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The Dartmouth
April 20, 2024 | Latest Issue
The Dartmouth

McKinsey Global Institute partner delivers lecture on net zero transition

Mekala Krishnan discussed global responsibilities in order to transition towards net zero emissions.

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On Oct. 17, McKinsey Global Institute partner Mekala Krishnan gave a talk titled “The Net Zero Transition: What It Will Take, Cost and Bring.” During her lecture, Krishnan discussed the world’s responsibilities in transitioning towards net zero emissions by target years 2030 and 2050. Business administration professor at Tuck School of Business Anant Sundaram moderated the event. 

Krishnan began by explaining her research on both the physical and economic transformations needed to achieve net zero. Through extensive research in collaboration with scientists at the Woodwell Climate Research Center — a scientific research organization focused on climate change — Krishnan said she has tried to understand how climate hazards such as “flooding and heat” impact various “socioeconomic systems” across the world. 

“We have an imperative to act,” Krishnan said. 

Reed Cole ’24, an environmental studies and anthropology double major, said Krishnan’s lecture involved an “intersection of science, research, policy and business.” Cole believes discussions on this topic are significant because they go beyond a future that is“just about corporate America.” 

“It’s [about] using the theory and what if’s to apply data and strategy,” she said. 

According to Krishnan, approximately 250 to 350 million people currently live in areas with a 9% annual probability of lethal heat waves. Without intervention, this number is expected to reach 14% by 2050, she added. Additionally, Krishnan explained that there will be an increased risk of a 15% or higher decline in global grain yield by 2050.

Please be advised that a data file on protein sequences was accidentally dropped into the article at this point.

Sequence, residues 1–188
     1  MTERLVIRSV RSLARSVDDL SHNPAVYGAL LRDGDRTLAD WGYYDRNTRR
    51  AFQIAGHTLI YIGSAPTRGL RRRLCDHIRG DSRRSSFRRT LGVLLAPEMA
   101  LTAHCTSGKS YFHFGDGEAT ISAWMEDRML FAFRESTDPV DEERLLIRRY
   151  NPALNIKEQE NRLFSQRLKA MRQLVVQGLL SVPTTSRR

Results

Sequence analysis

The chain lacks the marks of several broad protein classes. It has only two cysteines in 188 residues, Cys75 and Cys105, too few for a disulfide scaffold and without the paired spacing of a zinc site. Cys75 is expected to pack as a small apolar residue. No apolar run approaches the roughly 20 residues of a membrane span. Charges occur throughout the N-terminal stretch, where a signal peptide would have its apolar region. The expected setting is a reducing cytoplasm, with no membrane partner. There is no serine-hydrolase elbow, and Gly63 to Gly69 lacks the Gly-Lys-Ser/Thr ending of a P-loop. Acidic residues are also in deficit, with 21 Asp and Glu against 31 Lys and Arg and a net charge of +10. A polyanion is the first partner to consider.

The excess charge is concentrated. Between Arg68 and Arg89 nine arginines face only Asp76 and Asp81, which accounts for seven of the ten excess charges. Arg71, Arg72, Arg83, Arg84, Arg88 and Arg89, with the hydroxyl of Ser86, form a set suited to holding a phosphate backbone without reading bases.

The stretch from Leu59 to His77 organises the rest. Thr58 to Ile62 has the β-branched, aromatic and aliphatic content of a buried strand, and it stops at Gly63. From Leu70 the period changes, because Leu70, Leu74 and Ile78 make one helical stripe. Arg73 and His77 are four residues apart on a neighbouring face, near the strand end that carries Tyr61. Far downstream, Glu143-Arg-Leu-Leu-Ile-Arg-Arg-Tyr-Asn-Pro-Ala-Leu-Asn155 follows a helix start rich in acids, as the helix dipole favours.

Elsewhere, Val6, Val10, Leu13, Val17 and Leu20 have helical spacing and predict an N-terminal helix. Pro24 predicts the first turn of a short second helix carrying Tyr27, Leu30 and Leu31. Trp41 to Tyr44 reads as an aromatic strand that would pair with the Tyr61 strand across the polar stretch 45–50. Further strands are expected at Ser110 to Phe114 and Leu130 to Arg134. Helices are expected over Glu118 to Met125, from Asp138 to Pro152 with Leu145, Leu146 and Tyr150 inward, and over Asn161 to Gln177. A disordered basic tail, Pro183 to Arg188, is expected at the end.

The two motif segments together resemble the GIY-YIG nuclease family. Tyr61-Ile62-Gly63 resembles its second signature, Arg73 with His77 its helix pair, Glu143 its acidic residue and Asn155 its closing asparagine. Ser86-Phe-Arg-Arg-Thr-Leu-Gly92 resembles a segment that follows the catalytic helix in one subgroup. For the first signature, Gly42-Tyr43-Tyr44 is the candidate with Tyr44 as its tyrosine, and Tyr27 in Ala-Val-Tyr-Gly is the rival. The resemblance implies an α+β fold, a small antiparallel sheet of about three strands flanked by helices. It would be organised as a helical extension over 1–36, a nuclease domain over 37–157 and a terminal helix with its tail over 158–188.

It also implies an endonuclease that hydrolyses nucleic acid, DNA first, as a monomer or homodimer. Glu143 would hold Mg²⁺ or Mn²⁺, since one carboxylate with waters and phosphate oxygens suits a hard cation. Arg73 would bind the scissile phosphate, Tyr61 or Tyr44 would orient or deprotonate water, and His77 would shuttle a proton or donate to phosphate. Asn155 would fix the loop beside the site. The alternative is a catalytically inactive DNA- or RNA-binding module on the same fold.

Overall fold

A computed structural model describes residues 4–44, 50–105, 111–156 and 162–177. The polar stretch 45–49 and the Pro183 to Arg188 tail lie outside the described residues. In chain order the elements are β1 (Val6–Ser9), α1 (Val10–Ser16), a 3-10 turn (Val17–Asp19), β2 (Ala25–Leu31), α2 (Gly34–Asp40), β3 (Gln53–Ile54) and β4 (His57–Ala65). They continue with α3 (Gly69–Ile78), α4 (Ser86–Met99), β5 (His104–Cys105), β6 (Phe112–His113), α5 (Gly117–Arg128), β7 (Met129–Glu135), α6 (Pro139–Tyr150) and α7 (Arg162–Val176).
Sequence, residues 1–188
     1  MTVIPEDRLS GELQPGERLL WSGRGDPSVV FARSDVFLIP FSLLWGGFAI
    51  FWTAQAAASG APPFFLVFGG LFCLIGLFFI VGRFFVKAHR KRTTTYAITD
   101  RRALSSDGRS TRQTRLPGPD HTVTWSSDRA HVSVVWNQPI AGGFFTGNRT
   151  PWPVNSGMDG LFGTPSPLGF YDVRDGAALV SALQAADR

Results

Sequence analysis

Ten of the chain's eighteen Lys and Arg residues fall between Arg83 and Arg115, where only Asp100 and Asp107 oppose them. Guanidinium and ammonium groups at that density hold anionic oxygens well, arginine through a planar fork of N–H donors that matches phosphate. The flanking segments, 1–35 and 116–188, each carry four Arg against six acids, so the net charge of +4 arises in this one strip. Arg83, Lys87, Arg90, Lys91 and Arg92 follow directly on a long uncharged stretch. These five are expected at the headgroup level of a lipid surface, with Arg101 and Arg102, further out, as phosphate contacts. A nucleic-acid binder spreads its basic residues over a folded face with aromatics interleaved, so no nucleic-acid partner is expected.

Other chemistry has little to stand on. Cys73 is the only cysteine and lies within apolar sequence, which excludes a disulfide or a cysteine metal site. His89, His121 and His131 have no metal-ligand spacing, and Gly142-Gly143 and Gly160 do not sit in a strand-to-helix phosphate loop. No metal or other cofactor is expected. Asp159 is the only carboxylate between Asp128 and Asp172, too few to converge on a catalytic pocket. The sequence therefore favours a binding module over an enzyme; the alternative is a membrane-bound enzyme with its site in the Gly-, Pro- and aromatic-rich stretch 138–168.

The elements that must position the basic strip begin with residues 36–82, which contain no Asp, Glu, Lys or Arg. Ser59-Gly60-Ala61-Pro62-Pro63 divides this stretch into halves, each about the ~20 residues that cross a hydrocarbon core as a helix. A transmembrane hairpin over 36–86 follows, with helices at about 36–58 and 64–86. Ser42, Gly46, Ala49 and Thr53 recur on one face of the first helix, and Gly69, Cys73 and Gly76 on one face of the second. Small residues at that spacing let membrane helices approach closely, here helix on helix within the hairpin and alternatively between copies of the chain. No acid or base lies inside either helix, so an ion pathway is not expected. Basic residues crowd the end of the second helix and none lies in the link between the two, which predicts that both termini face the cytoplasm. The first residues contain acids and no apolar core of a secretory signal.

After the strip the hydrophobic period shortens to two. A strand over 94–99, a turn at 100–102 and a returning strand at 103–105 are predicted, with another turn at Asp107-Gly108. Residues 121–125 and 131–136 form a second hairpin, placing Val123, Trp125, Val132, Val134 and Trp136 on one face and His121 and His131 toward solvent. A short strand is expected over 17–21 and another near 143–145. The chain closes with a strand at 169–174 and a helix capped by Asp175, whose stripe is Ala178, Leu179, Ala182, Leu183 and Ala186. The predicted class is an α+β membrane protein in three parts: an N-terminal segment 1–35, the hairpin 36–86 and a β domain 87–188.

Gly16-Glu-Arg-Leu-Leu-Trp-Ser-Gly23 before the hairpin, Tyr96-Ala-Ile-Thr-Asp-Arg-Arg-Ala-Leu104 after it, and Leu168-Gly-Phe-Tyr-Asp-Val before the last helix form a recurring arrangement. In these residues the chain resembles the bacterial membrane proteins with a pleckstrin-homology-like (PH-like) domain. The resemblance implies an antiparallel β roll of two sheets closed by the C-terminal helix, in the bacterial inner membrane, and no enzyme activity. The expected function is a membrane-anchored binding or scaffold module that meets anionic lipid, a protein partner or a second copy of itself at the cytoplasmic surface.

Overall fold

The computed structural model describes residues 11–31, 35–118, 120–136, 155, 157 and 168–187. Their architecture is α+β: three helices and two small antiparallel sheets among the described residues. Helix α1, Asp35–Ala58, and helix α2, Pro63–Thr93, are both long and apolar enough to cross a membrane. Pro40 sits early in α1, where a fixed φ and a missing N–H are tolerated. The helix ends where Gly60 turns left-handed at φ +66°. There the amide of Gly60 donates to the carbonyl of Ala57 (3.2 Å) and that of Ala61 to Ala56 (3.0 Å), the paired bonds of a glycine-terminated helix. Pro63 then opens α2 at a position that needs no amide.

“Food systems, physical assets, natural capital [are] what economic activity relies on,” she said.  “Each of these could be at risk if we don’t act to reduce emissions.”

Krishnan also discussed the 1.5 degree Celcius threshold, agreed upon at the 2015 Paris Agreement, which aimed to keep the global temperature from rising more than 1.5 degrees Celsius. According to Krishnan, the world still remains “far away” from achieving those goals, noting the logistical challenges in rebuilding infrastructure and socioeconomic systems that took “200 years to build.” 

“One way that people often talk about this is saying that what we need to do in the next 30 years is rebuild the entire energy infrastructure, material systems, supply chains and entire industrialized economy that took 200 years to build,” she said.

Krishnan added that the power system, or “the heart of the energy transition,” also needs to change. Among those changes, Krishnan said power systems would have to update their  mobility, transportation, buildings, land use emissions and economic plans.  

To achieve net zero by 2050, Krishnan said the world would have to increase its annual climate resource budget to around $9.2 trillion — roughly $3.5 trillion more than it is today. 

Krishnan acknowledged that institutions and corporations must work together for net zero emissions to be “feasible.” She added that the transition may not always be “even.” 

“Some societies will be more exposed,” she said. “For example, automobile companies, steel manufacturers and chemical producers will be disadvantaged because they may have to reinvent [everything]. Secondary impacts like job opportunities should also be considered. We need to think about the incentives and policies to address these issues.” 

The College has committed to rely on 100% renewable energy by 2050 through endeavors such as using reusable food containers at the Class of 1953 Commons and replacing the heating system with a more renewable source of energy. The College has also focused on constructing energy-efficient buildings since the mid-1990s, including the recently-built Irving Institute for Energy and Society, specifically designated to provide spaces for interdisciplinary research on sustainability. 

Adamari Benavidez ’25, an anthropology and geography double major, said she was interested to learn about the economic side of the net zero transition and how it “affects people on the ground.” 

“I am really thinking about the costs specifically, and how it’s going to be affecting historically marginalized and underrepresented people,” she said.